The plan was to drive to Cheyenne on Thursday morning so the kids could perform Thursday afternoon and Friday morning and then head back home Friday evening. As I packed Wednesday night, however, I was sure to pack extra stuff; the weather forecast led me to believe we’d almost certainly end up stuck in Cheyenne due to road closures.

Sure enough, by Friday afternoon the roads were closed.

I could probably tell a hundred stories about what transpired over the next couple of days, but this column doesn’t afford me the space to do so. To summarize, however, I offer this:

We learned a lot about the kindness of strangers as the folks at Laramie County Community College heard of our situation and offered to put us up in the dorms for as long as we needed, including providing bedding, towels and laundry detergent.

We learned that the weather between Elk Mountain and Rawlins is terrible approximately 90% of the time, which is my educated guess based on the fact that when it was bitterly cold and windy in Cheyenne, the weather in Rawlins was terrible, and when it was sunny and warm in Cheyenne, the weather in Rawlins was still terrible.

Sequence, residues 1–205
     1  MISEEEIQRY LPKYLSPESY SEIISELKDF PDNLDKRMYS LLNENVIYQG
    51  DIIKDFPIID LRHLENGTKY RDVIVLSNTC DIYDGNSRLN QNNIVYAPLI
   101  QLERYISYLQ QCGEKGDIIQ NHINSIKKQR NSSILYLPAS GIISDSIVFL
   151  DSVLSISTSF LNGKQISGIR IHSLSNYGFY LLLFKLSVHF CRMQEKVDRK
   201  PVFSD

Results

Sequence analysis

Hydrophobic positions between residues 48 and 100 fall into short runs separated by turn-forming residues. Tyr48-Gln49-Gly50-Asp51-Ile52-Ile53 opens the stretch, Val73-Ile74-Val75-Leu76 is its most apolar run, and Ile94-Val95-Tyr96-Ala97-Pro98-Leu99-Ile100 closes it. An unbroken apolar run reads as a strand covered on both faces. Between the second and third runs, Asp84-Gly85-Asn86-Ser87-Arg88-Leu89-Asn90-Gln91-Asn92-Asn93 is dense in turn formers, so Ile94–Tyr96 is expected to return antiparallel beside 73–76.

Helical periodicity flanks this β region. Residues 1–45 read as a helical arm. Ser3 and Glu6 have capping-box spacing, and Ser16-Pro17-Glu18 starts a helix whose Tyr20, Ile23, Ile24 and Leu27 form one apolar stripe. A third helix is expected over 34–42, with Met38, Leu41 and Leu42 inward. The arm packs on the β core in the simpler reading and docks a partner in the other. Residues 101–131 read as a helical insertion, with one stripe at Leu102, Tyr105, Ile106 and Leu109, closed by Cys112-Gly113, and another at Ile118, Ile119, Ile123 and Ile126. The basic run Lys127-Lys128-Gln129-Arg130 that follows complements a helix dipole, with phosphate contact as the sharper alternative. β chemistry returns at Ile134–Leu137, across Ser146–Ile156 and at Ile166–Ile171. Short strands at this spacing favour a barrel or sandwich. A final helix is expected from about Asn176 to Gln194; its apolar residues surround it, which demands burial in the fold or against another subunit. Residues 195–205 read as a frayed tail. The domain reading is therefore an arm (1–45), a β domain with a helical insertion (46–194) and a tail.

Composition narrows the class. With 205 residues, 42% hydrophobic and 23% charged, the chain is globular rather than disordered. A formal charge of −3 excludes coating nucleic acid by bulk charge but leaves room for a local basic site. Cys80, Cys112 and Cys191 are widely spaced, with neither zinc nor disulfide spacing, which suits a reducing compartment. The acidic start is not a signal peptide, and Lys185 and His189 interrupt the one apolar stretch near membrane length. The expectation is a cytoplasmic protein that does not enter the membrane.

We learned how to adapt and support one another and handle the things beyond our control. No matter how many times we all checked our WyDOT apps in a day, the roads weren’t going to open any sooner.

I personally learned a few lessons as well.

These kids are kind. I had a bit of a meltdown on the Saturday of our little adventure, when my laptop ceased cooperating. I had a final paper for my graduate program due on Monday, which I had planned to finish during any down time. Instead, I found myself in a dorm room crying, which was not a place I expected to be at the age of 50, trying to finish a paper on a Kindle. A student saved me by offering up the use of his new personal laptop, which other students informed me nobody else was ever allowed to touch. I can’t begin to express my gratitude for that action.

These kids are funny. During an impromptu talent show on Saturday night, I learned just how funny through magic tricks, rousing sing-alongs and stand-up comedy routines, including a 30-minute monologue a student (who shall remain nameless) shared about an incident involving his dad, his uncle, some coyotes and some absolute craziness. That particular monologue I believe will go down in the annals of EHS Drama Devils history.